4 out of 4 stars
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Hell in the Heavens: The Saga of a WW2 Bomber Pilot is a non-fiction book by Lt. Col. David E. Tavel and Morton E. Tavel, M.D. about the day to day life of a pilot during WWII.
WWII bomber pilot, David Tavel, left his memoirs to his family about his time during the war. Based on his diary entries and log books, his cousin, Morton Tavel, saw the potential for a published book, and so Hell in the Heavens was born.
The majority of the story is told in first person perspective as David recounts his experiences, but changes to third person when Morton Tavel adds extra facts about the era or David himself. David’s first-hand experiences provide a unique and emotional insight into the life, not only of a bomber pilot but all who were involved in flying the skies during the war.
The story begins with David training to become a pilot in the States in 1937, before being moved out to Italy to begin active combat in 1944. Targeting enemy strongholds of oil bases or factories, the pilots were constantly under fire from fighter planes or antiaircraft fire, as they fought to help turn the tide against the Nazis.
While the writing structure is simple and to the point, it is all the more realistic for its simplicity, not hindered by emotive adjectives or over the top imagery. The starkness further portrays the reality of war and how life-threatening situations, terror, and loss became something to deal with daily.
There is obviously a lot of focus on aircraft, as it was David’s love of flying which started off his journey and continued throughout the rest of his life. While some people may find these extra details a little tedious, I really enjoyed them, even with my limited airplane knowledge. The addition of photos taken at the time helped a lot with visualisation.
What I also found interesting is how, like in other war books which I have read, the enemy is reduced to an entity, not individual people, and that there was cause to celebrate when enemy fighters were shot down or a target was taken out. This is obviously a much needed coping technique in order to fight the way one does for their country. I found it easy to get caught up in this way of thinking, and feel glad whenever David had a successful mission, but I would catch myself every so often thinking that they were people in those planes, living similar lives just like David, yet placed on the side which made them the enemy.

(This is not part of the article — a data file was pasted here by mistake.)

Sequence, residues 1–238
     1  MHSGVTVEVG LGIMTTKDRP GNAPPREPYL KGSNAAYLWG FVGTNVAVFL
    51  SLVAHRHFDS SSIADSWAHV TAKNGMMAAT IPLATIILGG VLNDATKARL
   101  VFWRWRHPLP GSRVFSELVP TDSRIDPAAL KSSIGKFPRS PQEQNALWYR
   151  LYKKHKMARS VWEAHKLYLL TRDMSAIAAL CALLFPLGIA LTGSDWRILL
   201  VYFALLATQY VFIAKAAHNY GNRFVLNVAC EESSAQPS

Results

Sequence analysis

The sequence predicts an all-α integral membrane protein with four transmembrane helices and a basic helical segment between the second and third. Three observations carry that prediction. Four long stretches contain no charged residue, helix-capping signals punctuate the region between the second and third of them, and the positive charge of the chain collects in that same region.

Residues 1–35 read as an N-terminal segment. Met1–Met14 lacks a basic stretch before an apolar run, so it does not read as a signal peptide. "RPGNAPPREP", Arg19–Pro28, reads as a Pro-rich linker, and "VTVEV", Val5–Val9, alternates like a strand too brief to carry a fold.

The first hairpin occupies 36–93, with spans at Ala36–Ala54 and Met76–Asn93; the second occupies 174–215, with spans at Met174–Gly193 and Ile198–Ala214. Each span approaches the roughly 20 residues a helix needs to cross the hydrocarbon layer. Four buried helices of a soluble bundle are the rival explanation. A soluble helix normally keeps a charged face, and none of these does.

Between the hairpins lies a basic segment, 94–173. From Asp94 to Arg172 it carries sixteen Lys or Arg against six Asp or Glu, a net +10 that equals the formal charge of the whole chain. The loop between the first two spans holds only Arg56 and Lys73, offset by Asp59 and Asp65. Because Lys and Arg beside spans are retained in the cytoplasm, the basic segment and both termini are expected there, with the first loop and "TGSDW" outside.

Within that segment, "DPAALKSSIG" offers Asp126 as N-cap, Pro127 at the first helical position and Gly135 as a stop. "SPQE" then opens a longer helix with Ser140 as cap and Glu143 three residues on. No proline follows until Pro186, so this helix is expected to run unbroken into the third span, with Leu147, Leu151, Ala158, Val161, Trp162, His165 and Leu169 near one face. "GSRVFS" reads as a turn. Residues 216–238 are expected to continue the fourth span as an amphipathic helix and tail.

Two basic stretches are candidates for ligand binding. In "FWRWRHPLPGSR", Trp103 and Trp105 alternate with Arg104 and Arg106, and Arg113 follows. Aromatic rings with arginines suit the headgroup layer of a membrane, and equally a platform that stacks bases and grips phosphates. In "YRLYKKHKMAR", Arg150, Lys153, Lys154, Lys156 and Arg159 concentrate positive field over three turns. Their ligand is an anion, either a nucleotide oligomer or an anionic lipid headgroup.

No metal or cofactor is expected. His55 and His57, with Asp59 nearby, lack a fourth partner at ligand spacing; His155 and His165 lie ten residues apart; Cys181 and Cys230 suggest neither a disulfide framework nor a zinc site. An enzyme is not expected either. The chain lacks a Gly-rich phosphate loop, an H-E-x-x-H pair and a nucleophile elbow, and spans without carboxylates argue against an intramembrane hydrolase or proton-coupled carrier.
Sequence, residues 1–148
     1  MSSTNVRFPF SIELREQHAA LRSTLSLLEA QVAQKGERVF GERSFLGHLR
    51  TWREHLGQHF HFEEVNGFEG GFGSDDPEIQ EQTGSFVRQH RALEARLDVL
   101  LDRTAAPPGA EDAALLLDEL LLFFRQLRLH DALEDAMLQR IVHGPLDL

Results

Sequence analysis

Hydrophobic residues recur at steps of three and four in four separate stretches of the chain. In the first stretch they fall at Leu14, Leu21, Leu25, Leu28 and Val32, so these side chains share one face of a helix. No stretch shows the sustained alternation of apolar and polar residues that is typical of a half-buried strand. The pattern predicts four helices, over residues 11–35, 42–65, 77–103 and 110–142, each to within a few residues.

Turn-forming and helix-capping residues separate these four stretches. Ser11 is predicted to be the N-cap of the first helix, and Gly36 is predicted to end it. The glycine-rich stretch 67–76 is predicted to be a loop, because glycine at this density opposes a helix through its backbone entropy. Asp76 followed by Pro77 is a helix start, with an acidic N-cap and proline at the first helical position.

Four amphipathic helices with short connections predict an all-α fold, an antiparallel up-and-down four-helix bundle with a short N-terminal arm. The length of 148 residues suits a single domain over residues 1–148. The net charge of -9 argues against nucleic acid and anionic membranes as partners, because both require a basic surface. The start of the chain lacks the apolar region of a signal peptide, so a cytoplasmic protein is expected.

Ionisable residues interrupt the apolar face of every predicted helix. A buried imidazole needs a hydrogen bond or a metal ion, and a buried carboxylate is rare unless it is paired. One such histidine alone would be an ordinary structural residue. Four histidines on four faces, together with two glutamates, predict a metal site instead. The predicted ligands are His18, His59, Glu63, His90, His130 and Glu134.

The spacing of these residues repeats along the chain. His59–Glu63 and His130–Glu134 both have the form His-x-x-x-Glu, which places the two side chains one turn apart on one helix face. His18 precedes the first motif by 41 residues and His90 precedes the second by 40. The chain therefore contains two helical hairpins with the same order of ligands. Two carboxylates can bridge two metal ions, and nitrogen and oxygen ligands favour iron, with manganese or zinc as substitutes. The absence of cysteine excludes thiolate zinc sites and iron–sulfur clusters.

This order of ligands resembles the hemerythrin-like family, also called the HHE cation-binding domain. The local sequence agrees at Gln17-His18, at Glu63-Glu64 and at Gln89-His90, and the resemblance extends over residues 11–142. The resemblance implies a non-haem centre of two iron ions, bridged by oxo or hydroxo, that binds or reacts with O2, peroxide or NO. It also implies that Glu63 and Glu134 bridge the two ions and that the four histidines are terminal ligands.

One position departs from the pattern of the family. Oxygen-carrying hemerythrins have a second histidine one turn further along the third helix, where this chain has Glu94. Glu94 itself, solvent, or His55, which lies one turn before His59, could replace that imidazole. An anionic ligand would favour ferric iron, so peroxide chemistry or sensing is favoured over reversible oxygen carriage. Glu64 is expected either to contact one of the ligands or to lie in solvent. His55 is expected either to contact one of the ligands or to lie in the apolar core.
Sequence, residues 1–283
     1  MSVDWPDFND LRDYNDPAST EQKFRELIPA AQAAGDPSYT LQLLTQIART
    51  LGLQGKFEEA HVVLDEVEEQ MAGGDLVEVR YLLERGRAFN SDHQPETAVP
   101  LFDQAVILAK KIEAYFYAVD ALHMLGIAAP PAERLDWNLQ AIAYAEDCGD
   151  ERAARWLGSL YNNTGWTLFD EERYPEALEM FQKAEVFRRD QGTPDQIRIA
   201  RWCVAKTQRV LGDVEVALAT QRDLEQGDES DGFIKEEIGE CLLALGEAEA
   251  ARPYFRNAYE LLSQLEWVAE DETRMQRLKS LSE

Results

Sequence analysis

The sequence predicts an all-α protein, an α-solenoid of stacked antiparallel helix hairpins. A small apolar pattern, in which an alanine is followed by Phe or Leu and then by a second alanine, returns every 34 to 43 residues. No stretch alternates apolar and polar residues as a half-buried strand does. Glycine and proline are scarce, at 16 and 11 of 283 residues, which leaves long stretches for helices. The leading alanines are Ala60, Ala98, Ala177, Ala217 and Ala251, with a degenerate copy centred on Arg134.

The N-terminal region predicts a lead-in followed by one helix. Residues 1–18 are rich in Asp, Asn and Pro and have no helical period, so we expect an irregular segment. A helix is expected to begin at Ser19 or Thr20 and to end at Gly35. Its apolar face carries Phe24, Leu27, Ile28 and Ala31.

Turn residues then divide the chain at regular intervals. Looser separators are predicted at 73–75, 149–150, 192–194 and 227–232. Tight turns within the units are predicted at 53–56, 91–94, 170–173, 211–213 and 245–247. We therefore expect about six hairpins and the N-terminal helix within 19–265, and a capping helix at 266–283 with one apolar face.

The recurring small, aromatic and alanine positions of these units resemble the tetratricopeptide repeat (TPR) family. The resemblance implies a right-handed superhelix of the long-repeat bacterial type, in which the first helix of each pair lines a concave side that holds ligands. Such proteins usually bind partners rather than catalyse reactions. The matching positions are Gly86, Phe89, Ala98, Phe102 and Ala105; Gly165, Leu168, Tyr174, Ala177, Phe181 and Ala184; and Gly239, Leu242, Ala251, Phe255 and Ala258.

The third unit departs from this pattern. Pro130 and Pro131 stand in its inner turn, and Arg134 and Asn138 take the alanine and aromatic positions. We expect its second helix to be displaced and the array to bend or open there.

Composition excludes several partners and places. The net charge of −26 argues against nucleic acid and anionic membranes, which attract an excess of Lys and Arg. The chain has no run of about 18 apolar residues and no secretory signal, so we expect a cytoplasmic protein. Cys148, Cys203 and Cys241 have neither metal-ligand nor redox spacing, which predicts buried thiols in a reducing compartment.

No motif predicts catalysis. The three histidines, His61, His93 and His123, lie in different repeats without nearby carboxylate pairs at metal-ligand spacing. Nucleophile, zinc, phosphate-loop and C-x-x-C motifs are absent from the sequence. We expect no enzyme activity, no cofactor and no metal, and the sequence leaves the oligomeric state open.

I enjoyed watching David’s growth from an eager young trainee out for adventure, to that of a hardened pilot, thankful each day to return safely to the ground. He learned to cope as best he knew how, one of which was not getting to know the new recruits he was training, as it was too hard to get attached, knowing many of them would not make it back.
This book illustrates, again with its simple way, the unbelievable harsh reality these pilots had to endure, from old rickety planes that were liable to catch fire or not lift off the ground, to the amount of clothing they had to wear to avoid frostbite, to “packing up your fallen buddy’s things to be sent home”.
Overall this is an incredible personal account of the life of a bomber pilot. Well written, with no errors, this would definitely suit anyone with an interest in WWII or aircraft. Easy to read and relatively short at 196 pages, I thoroughly enjoyed this book and rate it 4 out of 4 stars. I can never say enough about the bravery shown by the people who put their lives on the line both in the air and on the ground in WWII fighting for their country.
Hell in the Heavens: The Saga of a WW2 Bomber Pilot
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